They smoke more, eat worse, work out less, earn less and are not as educated as the average American woman.
Form a line of pregnant women in Ohio and have each raise a hand. About every fifth hand would be holding a cigarette.
It's not as bad as it once was: Ten years ago, the pall of smoke would have risen from one hand in four.
In Columbus, where lawmakers recently shifted $100 million from tobacco settlement funds to balance the state budget, pregnant women smoke at twice the rate of mothers-to-be in the largest 50 cities in the United States.
Of every five girls in high school, two smoke. Only five other states have a higher percentage than Ohio.
Is anything being done?
The Ohio Department of Health is aware of the problems facing all Ohioans, especially women, and does not dispute the numbers or rankings.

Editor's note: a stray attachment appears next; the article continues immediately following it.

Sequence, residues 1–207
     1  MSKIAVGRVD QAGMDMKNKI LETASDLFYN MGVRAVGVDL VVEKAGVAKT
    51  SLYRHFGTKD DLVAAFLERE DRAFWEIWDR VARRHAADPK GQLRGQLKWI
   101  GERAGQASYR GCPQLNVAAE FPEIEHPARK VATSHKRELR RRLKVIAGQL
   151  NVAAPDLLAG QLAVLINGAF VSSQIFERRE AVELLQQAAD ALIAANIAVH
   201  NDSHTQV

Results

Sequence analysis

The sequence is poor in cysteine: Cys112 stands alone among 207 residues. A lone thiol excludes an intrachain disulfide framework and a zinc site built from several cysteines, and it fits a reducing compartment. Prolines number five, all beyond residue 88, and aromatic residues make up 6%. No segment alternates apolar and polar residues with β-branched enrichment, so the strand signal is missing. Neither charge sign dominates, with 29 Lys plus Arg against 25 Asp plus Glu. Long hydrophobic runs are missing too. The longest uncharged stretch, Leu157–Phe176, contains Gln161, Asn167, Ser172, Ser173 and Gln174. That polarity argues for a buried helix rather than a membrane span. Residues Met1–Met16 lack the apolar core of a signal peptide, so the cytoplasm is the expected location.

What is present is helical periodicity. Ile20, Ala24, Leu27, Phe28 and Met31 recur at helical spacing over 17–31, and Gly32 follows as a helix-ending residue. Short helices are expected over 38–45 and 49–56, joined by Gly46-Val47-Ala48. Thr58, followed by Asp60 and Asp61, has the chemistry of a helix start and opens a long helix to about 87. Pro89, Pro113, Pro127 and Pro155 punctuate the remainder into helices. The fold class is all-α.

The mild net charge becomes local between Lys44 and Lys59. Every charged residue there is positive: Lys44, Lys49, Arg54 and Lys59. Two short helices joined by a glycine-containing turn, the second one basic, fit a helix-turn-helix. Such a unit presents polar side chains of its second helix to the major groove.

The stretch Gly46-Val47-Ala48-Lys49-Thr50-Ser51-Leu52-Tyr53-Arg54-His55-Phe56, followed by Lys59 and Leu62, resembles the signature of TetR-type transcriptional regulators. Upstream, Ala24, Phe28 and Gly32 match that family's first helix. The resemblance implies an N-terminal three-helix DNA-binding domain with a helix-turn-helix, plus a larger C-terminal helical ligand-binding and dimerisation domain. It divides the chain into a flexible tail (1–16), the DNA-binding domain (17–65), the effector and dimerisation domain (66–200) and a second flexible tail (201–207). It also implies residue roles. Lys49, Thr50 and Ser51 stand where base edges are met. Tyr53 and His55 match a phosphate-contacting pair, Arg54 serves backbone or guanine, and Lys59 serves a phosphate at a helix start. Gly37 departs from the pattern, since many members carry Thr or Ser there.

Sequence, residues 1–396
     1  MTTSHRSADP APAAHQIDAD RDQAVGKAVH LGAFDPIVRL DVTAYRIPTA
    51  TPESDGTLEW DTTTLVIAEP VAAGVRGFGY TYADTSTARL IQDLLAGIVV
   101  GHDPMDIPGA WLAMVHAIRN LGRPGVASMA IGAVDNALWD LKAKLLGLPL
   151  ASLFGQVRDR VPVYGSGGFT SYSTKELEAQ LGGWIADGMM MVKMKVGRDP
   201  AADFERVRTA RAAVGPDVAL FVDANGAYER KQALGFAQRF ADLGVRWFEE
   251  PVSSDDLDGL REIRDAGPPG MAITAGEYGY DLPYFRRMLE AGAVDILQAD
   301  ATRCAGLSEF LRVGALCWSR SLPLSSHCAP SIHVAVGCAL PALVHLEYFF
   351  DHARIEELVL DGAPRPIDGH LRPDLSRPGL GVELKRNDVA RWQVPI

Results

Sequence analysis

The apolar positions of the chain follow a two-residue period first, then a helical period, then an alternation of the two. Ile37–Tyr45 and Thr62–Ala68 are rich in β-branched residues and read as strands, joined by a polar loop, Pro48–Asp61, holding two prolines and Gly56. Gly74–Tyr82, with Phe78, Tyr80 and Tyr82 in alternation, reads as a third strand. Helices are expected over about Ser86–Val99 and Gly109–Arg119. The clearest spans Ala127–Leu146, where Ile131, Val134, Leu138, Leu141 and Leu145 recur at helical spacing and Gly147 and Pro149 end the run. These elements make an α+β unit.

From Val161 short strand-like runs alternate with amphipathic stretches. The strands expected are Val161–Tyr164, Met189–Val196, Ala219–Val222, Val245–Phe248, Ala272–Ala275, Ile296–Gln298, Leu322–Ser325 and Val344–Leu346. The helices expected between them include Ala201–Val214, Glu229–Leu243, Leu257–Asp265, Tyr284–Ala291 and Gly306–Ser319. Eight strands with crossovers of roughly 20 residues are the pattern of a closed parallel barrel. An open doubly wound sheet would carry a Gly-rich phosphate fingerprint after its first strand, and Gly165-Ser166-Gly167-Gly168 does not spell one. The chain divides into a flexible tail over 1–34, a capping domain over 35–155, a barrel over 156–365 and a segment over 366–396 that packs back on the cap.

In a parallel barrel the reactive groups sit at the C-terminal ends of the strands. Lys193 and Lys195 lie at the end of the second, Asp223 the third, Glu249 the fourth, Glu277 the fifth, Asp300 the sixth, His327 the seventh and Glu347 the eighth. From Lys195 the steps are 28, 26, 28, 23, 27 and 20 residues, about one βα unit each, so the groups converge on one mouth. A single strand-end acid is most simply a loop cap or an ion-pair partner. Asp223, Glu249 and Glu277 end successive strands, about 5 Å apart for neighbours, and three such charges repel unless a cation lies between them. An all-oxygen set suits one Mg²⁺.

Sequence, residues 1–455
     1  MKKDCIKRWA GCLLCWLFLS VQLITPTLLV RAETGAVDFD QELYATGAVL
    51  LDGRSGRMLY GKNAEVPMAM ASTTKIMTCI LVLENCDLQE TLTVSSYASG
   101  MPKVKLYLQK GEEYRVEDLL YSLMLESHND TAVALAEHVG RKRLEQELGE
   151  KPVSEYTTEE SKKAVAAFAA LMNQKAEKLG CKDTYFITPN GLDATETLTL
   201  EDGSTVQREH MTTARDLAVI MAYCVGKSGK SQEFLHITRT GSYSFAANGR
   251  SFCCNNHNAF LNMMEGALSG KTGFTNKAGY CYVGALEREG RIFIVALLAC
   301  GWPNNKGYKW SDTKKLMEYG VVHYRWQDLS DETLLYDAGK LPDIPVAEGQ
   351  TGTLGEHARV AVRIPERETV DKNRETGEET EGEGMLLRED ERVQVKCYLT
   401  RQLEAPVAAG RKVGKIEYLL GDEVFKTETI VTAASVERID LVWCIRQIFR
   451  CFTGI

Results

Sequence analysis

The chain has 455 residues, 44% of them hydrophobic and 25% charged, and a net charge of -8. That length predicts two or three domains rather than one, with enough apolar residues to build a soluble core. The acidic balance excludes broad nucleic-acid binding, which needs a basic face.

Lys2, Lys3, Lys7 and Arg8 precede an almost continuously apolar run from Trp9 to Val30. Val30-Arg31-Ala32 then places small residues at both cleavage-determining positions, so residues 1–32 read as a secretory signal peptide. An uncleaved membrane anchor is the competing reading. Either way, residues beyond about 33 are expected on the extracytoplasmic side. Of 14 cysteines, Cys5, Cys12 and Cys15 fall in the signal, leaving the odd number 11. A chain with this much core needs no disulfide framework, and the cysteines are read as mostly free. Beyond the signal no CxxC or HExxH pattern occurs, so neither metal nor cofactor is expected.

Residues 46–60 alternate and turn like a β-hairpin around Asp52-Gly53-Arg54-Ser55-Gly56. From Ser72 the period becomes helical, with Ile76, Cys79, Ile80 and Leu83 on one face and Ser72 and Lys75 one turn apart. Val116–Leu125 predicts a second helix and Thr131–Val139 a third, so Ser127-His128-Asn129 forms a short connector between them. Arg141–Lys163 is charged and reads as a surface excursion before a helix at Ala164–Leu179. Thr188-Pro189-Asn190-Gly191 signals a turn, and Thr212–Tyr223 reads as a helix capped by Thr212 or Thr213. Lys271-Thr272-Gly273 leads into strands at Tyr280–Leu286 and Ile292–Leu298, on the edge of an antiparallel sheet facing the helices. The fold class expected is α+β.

``This is not just an Ohio phenomenon,'' said Nick Baird, the Health Department director for Gov. Bob Taft.
Baird is unable to pinpoint why Ohio, in category after category, rates so poorly. ``It's a good question,'' he said. ``We don't have all the answers.''
The department has a number of programs designed to fight obesity, smoking, lack of exercise and poor diet, Baird said.
He said many problems are rooted in personal choices, and it is difficult for any government to regulate behavior.
The Centers for Disease Control and Prevention lists 25 states that have created ``exemplary'' programs to address such problems as cancer, heart disease, physical inactivity and tobacco use. Ohio is not among them.